Yoga is the journey through the body to the self.

I was first brought to the mat by my mom while I was in her womb. My mom always humbly says she has been a beginner for 27 years (as I am now 27 as I write this). I don't think she realizes what a wise statement that is. May we all always remain beginners. She again brought me to my mat in my early teens and I maintained a physical practice for about 10 years.

Throughout those 10 years I struggled with an internal battle against my self. I was driven by fear, insecurity and lack. I was obsessed with having the perfect body, always seeking what was outside me to fill the hole inside me. All the while my yoga practice was with me but I wasn't ready for a solution. Instead of loving my body I was tearing it down.

In 2010 I ran the LA Marathon and pushed my body to it's breaking point. Despite the messages my body was sending me, I continued to push harder. This experience taught me that the mind and body are both extremely powerful. We take for granted how much strength we have inside of us. And yet we don't always have the awareness to use that power for the right purpose.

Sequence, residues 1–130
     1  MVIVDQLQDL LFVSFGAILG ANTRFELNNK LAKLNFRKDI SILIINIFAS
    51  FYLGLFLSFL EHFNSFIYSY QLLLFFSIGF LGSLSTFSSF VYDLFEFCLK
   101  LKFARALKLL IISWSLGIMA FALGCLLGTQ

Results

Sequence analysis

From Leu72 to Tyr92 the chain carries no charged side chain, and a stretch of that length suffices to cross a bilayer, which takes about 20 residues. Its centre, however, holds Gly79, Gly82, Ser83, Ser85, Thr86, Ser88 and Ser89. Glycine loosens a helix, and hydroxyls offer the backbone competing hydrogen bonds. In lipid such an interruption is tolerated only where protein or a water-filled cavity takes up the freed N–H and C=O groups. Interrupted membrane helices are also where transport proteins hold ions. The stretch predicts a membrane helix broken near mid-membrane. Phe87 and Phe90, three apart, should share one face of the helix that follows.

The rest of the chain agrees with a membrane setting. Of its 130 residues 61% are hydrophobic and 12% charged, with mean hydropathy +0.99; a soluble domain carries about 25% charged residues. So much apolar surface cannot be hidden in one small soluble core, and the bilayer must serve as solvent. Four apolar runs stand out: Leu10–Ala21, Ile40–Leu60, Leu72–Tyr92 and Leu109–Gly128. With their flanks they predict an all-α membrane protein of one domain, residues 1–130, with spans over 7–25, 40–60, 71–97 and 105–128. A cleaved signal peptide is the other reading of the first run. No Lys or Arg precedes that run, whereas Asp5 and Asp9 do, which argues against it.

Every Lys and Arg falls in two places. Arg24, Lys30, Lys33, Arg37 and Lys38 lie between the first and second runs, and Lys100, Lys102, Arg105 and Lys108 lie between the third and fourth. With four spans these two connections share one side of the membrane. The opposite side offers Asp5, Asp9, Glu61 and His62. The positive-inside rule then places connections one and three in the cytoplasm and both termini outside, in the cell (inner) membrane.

A year after my marathon I found myself unable to run, bike or even use the elliptical. After years of spending hours every day at the gym, pounding 10 miles on the treadmill, my body finally sent a clear enough message for me to listen. I decided to have knee surgery with the ultimate aim of returning to my joint crushing runs and workouts.

For years I had used exercise to escape my mind. Through injury I was forced to sit in my discomfort. When I was finally able to move a little, yoga was there for me. I began practicing with a fiery Israeli woman who read her classes the sutras and cursed through long holds, who held space for our tears and whose laughter could open your heart. I finally began to see beyond the physical practice to the mental, emotional and spiritual healing that was available to me.

I have had so many incredible teachers along my path. Like the dieties of yoga philosophy they have each taught me something unique: strength, faith, compassion, gentleness, service, humility. And in the many rooms of yoga I began to learn how to live life. I began to see the abuse I had been inflicting on myself and started to look within myself for a solution.

Yoga is only the beginning of my story. Each day the universe opens up new opportunities for me that are beyond my wildest dreams. As I carry the message of the ancient wisdom of yoga, I seek to hold space for the journey of others, as the teachers before me have done for me.

Love. Light. Namaste.

 
Mindfulness helps you go home to the present. And every time you go there and recognize a condition of happiness that you have, happiness comes.
— Thich Nhat Hanh